On a Sunday afternoon many years ago in Iowa City, I was trying desperately to charm the patoopies off my then-boyfriend’s parents. We were all riding in his parents’ car: his dad was driving, Mom sat in front seat, Mr. Dreamboat and I were in the back. I did fine the majority of the trip, but then I said something cringe-inducingly dumb and I have been paying for it ever since!
The fellow I was dating at the time was a chef — a good one. He taught me how to eat. When I got the job at the cafe where he chef’ed, I knew nothing about food beyond Mom’s spaghetti and my version of it.* The Chef showed me the world of fresh food beautifully prepared and it changed my life because my life began to taste better and I learned how to cook the stuff myself. Because if it didn’t work out, you know, with me and him, I had better know how to make my own tarte tatin. (It didn’t, and I do.)
So we’re in the folks’ Beemer and Chef’s lovely, intelligent, handsome mother asks me this or that question about this or that thing. I have the occasion to use a word that I liked — liked, past tense: chutzpah. Great word. Yiddish. Means “shameless audacity, impudence.” Like, “He had the chutzpah to run for class president after pulling that stunt in gym class.” I knew how to use the word. But I didn’t know that chutzpah was pronounced “HOOTZ-pah” and ideally, one should do that Yiddish glottal cough thing with the “H” sound. I didn’t know any of that. Your hapless heroine pronounced it, “CHUTT-spa.” Hard “CHUTT.” Spa.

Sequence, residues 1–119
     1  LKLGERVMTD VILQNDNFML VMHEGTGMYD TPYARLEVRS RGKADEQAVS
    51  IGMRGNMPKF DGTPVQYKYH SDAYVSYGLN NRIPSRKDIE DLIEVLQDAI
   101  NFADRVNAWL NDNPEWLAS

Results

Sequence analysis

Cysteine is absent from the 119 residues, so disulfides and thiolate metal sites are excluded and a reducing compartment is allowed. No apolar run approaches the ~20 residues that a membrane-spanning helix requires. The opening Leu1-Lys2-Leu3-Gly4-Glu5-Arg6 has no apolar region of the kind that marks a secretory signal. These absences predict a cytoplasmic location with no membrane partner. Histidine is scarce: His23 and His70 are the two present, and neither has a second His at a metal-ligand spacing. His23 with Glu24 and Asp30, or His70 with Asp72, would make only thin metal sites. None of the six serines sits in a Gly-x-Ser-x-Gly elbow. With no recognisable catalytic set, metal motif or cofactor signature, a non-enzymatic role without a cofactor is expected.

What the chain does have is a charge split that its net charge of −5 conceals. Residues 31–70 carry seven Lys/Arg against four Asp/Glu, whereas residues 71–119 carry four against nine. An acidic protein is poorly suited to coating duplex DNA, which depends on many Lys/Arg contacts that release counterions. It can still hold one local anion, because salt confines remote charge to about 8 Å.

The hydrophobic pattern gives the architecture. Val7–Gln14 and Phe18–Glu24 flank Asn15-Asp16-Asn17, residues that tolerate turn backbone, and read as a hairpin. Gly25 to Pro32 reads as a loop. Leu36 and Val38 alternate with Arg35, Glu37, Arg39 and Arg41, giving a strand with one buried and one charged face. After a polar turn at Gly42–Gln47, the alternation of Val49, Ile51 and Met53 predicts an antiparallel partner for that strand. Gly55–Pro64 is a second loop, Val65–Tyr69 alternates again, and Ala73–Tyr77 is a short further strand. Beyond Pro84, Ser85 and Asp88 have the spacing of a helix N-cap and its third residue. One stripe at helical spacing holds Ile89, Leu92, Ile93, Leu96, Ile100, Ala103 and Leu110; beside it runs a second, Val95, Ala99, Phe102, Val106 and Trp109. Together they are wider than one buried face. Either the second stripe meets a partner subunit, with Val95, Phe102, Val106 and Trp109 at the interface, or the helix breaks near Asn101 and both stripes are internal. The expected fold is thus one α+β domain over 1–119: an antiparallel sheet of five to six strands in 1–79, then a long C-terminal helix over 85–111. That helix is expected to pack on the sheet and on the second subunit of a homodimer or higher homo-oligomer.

These people were Jewish. By the way.
Chef’s mother made this sound that was half-gasp, half-snort and turned back to look at me with kindness but great, great mirth. “Honey, you pronounce it ‘HOOTZ-pah.” I cocked my head to the side.
“Ha. Ah. I see. Well, you know, then, ha. Ha, then. It’s… She had HOOTZ-pah. For the thing. Are we close? I think we’re close.”
Over a decade! Over a decade since I said “CHUTT-spa” in a car with three Jewish people all with generous Yiddish vocabularies and I still can’t forget it. I thought about it today because I saw the word in an article and that’s a pain because the chutzpah memory starts a machine in my head that spits out all the other times I’ve mispronounced words in mixed company. I was at a fancy lunch meeting once — one example — and ordered the endive salad. I said, “I’ll have the EN-dive salad, please.” The waitress repeated back, “The ahhn-DEEVE salad?” and I wanted to stick my head under the tablecloth.
Turns out you can say “ahn-DEEVE” or “EN-dive.” Both are okay. But there’s just one chutzpah.
*Note: I love my mother’s spaghetti very, very much — but she’s the first to admit she’s not a whiz in the kitchen. She has had to survive in this world with about 10,000 other talents. She’ll be okay.